HSBC manufacturing PMI sluggish in April
2014-05-06 12:59:39Source:China DailyAuthor:
China's manufacturing sector failed to make a strong comeback in April, while the service sector continued to expand, underscoring the changing growth pattern in the world's second-largest economy.
The final reading of the HSBC Holdings Plc and Markit Economics Purchasing Managers Index for April came in at 48.1, below the preliminary reading of 48.3 but up slightly from an eight-month low of 48.0 in March. It was the fourth month that the sector contracted.
The HSBC/Markit reading was in line with an earlier official PMI reading for April, both showing marginal improvement in the manufacturing sector. The official PMI, released by the National Bureau of Statistics and the China Federation of Logistics and Purchasing, rose to 50.4 from 50.3 in March, indicating a slight expansion.
The official PMI is weighted more toward bigger and State-owned enterprises, while the HSBC/Markit survey focuses on smaller private companies.
Analysts said the slower decline of the new orders sub-index indicated a marginal improvement in domestic demand, while the new export order sub-index indicated deteriorating export conditions.
"The latest data implied that domestic demand contracted at a slower pace but remained sluggish. Meanwhile, both the new export orders and employment sub-indexes contracted, and were revised down from the earlier flash readings," said Qu Hongbin, chief economist for China at HSBC.
"These indicate that the manufacturing sector, and the broader economy as a whole, continues to lose momentum," he added.
In the official PMI reading, new export orders in April dipped below 50, the point that separates expansion from contraction. Zhao Qinghe, an analyst with the NBS, noted that although the new orders index has been faring better than the new export index since mid-2012, the gap widened to 2.1 percentage point in April from an average of 1.9 percentage point during the period.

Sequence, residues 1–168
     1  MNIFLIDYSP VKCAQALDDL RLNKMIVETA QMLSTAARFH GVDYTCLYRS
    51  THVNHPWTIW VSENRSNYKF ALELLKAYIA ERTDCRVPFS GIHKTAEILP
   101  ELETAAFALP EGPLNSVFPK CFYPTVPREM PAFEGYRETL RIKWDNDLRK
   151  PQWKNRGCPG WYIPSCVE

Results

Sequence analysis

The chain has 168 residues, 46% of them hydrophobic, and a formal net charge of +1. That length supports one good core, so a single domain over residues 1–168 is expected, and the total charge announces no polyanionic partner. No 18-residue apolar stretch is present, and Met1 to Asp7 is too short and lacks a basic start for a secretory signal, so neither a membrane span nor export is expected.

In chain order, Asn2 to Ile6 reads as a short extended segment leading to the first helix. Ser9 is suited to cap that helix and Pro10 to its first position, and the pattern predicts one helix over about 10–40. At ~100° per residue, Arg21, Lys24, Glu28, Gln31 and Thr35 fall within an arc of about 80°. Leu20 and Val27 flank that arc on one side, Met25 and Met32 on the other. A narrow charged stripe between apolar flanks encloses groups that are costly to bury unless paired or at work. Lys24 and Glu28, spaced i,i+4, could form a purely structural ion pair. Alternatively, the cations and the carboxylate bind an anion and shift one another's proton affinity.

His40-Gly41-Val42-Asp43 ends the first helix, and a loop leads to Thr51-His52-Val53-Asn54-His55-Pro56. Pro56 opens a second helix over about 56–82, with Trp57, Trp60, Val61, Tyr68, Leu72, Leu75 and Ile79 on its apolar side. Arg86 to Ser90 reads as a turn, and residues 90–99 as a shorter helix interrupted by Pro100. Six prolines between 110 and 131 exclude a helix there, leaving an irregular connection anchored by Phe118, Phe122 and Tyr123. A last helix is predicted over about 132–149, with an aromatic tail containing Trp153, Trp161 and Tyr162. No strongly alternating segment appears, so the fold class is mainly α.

"This showed that domestic demand's contribution to manufacturing continued to rise, and the domestic market increasingly became the main engine of manufacturing growth," Zhao said.
But the new export orders index was a sign that export conditions in April were probably weak. Official trade figures for the month won't be released until Thursday, but Ministry of Commerce officials have repeatedly cautioned that the data could be disappointing. The government has introduced measures to stabilize the export sector.
Beyond exports, the State Council (the cabinet) in March outlined a package of spending on railways and subsidized housing and tax cuts to support growth. To stabilize investment, which is crucial for China's economy, China Railway Corp plans to increase this year's investment to more than 800 billion yuan ($128 billion) from a previously announced 720 billion yuan, business publication Caixin reported last week. The amount had already been raised twice this year from an original 630 billion yuan to 700 billion yuan and then to 720 billion yuan.
"Beijing has introduced more reform measures that could support growth by inducing more private-sector investment," Qu said. "We think bolder actions will be required to ensure the economy regains its momentum."
While most analysts believe the manufacturing sector is unlikely to see an upturn in the short term because of high inventory levels, the services industry fared a little better last month, according to the official PMI.
The PMI for the services industry rose to 54.8 in April from 54.5 in March, the NBS said over the weekend.
The output of tertiary industry, mostly services, generated 46.1 percent of China's GDP last year, rising to 49 percent in the first quarter of this year.
"I think many China observers missed the structural change; that is, the rise of the service industry," said Fan Jianping, chief economist of the State Information Center, a government think tank.
"This is why many analysts underestimated China's GDP growth in the first quarter as they just focused on industrial output. This is also why employment remains stable so far despite a slowdown in manufacturing, because the service sector is far better at creating jobs."